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Friday, January 27, 2023

Where is the world population going with 8 billion people?

It took humanity hundreds of thousands of years to reach the first billion people, but then everything picked up speed. Today there are already 8,000 million inhabitants on the planet, although forecasters expect a change in trend by the end of the century.

It is suspicious that on exactly 15 November the world population exceeded 8 billion. But since it is impossible to keep track of the hundreds of thousands of births and deaths in a single day, the United Nations chose the middle of the month to mark the time when Earth reaches this milestone for humanity. Never before have there been so many people on earth.

How did humanity reach this point?

Homo sapiens arose, it is believed, around 300,000 years ago. In the last millennium, apart from epidemics such as the plague, there was a steady increase in the number of humans. Little by little, the growth accelerated and around the year 0, there were approximately 190 million people living on the planet.

With longer lifespans, the curve flattened out significantly from about 1700 onwards. And the first Arabs probably arrived soon after 1800.

It took less than 100 years for the world population to go from 2 billion in 1928 to 8 billion today. And the increase from 7 billion to 8 billion took only eleven years.

Cause to celebrate or worry?

For Natalia Kanem, executive director of the United Nations Population Fund, the current figure has several positive aspects.

Ultimately, he maintains, it represents a fundamental leap. “Eight billion people is an important milestone for humanity,” Kanem told a recent meeting of UN experts. And it is a combination of increased life expectancy, lower maternal and child mortality rates and increasingly effective health systems. Is.”

Kanem recognized that the fact that many people are concerned about overpopulation is an unfounded fear.

He insisted, “I am here to state categorically that the mere number of lives lost is no cause for fear.” As per the UN assessment, there is no doubt that there are sufficient resources; What matters is fair and equitable distribution.

Frank Swiaczny of the German Institute for Demographic Research clarified that “more people do not mean a larger ecological footprint”, taking into account global warming.

Experts point out that almost half of the world’s CO2 emissions are caused by the world’s highest-income ten percent of the population, while the poorest half have a negligible impact.

Sustainable Development? opposite of this

“The rate of growth of the world’s population is slowing,” explained UN expert Rachel Snow. The highest annual growth, he said, was in 1964 at 2.2 per cent per annum. “But now we’re growing at less than 1 percent a year,” he said.

According to recent studies, this trend will continue until 2080, when the world population is predicted to stop growing. Again, these reports suggest that the number of people would be 10.4 billion.

Which regions of the world are developing and how?

Development has been particularly focused on Asian countries with large populations.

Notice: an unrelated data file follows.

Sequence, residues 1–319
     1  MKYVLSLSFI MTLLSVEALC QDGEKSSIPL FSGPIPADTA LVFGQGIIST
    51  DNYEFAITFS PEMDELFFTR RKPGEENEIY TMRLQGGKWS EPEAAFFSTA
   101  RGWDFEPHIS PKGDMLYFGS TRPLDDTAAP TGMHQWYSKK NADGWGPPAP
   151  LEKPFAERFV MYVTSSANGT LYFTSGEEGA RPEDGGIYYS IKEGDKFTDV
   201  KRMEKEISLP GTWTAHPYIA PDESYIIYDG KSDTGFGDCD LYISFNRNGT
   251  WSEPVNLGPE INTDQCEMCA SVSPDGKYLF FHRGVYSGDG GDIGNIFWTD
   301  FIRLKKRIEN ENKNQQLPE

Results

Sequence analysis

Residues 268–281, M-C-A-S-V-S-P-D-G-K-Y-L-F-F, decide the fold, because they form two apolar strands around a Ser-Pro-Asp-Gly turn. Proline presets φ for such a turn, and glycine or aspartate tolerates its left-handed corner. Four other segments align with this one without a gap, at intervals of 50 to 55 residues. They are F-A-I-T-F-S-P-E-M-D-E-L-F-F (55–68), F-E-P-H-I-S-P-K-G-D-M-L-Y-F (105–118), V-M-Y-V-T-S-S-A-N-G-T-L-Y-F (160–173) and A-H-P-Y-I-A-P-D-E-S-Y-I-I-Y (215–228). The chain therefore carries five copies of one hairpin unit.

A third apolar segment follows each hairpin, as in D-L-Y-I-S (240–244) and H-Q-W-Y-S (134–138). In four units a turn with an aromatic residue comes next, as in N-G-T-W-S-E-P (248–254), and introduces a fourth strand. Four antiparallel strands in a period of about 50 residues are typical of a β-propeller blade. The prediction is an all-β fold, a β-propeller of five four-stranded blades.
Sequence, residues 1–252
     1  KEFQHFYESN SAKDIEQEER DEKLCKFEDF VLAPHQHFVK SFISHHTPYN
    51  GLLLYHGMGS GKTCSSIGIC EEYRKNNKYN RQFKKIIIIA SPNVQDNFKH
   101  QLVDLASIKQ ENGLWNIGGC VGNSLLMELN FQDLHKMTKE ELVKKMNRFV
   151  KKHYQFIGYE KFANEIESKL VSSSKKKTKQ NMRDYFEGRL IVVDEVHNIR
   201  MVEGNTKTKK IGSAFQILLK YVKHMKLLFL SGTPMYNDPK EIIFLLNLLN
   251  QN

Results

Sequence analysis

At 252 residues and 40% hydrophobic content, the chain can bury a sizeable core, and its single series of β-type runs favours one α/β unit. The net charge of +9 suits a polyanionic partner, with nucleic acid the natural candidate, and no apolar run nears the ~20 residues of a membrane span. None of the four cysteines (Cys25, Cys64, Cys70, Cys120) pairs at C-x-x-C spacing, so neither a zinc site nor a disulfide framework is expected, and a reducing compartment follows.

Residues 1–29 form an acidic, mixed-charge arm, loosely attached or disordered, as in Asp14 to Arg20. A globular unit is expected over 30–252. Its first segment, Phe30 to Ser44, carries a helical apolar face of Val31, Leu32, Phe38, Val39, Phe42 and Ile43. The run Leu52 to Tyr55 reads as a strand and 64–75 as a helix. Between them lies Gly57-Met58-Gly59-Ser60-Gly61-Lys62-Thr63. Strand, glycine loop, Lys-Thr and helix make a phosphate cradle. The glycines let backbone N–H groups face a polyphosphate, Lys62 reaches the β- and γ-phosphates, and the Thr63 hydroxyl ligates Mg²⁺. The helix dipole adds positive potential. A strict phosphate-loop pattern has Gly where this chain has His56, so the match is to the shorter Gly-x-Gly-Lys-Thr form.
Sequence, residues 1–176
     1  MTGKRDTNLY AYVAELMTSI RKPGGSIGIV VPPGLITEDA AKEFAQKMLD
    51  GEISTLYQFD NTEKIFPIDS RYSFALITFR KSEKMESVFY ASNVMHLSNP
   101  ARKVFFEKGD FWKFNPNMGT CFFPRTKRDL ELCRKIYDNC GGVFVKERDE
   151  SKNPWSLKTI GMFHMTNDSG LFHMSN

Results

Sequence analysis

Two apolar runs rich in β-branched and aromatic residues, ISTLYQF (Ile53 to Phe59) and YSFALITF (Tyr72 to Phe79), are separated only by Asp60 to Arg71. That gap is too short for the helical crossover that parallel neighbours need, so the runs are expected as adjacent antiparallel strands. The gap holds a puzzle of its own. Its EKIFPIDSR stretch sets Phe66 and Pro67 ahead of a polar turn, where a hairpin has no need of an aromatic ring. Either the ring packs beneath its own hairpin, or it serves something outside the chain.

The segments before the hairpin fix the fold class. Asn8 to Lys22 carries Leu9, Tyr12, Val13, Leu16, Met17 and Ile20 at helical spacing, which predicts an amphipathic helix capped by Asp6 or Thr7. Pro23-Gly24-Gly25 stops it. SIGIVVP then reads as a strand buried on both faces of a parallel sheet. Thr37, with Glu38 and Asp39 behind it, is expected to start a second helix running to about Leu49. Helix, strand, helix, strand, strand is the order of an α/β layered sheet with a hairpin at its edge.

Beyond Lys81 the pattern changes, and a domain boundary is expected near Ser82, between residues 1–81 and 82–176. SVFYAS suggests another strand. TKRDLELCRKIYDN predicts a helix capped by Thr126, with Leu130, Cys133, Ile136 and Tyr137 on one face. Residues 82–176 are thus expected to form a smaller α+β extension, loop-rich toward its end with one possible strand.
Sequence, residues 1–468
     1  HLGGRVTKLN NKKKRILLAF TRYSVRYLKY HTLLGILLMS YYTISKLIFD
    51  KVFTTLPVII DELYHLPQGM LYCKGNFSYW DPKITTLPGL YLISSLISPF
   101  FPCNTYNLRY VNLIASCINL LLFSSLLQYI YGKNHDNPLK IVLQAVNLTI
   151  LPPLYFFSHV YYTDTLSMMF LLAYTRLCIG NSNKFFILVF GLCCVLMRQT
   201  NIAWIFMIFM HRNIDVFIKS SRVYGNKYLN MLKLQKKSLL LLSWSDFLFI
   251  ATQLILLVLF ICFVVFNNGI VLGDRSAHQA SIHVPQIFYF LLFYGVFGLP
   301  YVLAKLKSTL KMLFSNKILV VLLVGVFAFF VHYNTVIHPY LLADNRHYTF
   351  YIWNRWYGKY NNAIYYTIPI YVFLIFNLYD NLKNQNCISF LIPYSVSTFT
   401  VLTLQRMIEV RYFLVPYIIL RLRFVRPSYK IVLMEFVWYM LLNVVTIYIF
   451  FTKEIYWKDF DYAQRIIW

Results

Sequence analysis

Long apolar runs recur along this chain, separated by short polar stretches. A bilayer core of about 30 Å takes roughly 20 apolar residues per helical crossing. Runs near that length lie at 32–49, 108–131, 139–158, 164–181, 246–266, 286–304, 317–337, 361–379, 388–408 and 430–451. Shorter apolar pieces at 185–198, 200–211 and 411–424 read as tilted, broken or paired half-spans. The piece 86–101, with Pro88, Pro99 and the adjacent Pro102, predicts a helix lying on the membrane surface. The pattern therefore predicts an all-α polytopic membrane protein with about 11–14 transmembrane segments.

China, the world’s most populous country with 1.4 billion people, is facing major challenges due to low birth rates due to its long-standing one-child policy.

Experts justify this trend by the fact that many people who grew up as only children consider it normal to have only one child.

With more than 1.3 billion people, India has a high birth rate and could overtake China next year.

But even in India, the rate of population growth slows down, thanks to the greater availability of contraceptives.

Meanwhile, nowhere in the world will the population increase as much in the near future as in some parts of Africa.

“Sub-Saharan Africa will continue to grow significantly according to current projections. Most of the future growth in the world’s population will occur in this region and some Asian countries,” predicted Swiaczny.

According to the German Foundation for World Population, approximately 1.4 billion people currently live in Africa. According to this source, this figure will grow to around 2.5 billion by 2050.

By the end of the century, three times more people will live in Africa than today, about 4.3 billion people, about 40 percent of the world’s population.

In contrast, high-income countries such as Japan are sliding into negative demographic trends. Therefore, countries like Germany have to resort to migration in order to achieve a stable growth rate.

The United Nations has advised in a report that “all countries, regardless of whether they experience a net inflow or outflow of migrants, should take steps to facilitate orderly, safe, regular and responsible migration.”

And the next milestone?

Surely when 9,000 and 10,000 million people reach the earth, there will be upheaval again.

However, the United Nations does not expect a real tipping point until the year 2100. Experts believe that after this a steady decline in the world’s population will begin. But as is the case with weather forecasting, forecasts of population growth become more uncertain as future time periods increase.

dpa

World Nation News Desk
World Nation News Deskhttps://worldnationnews.com/
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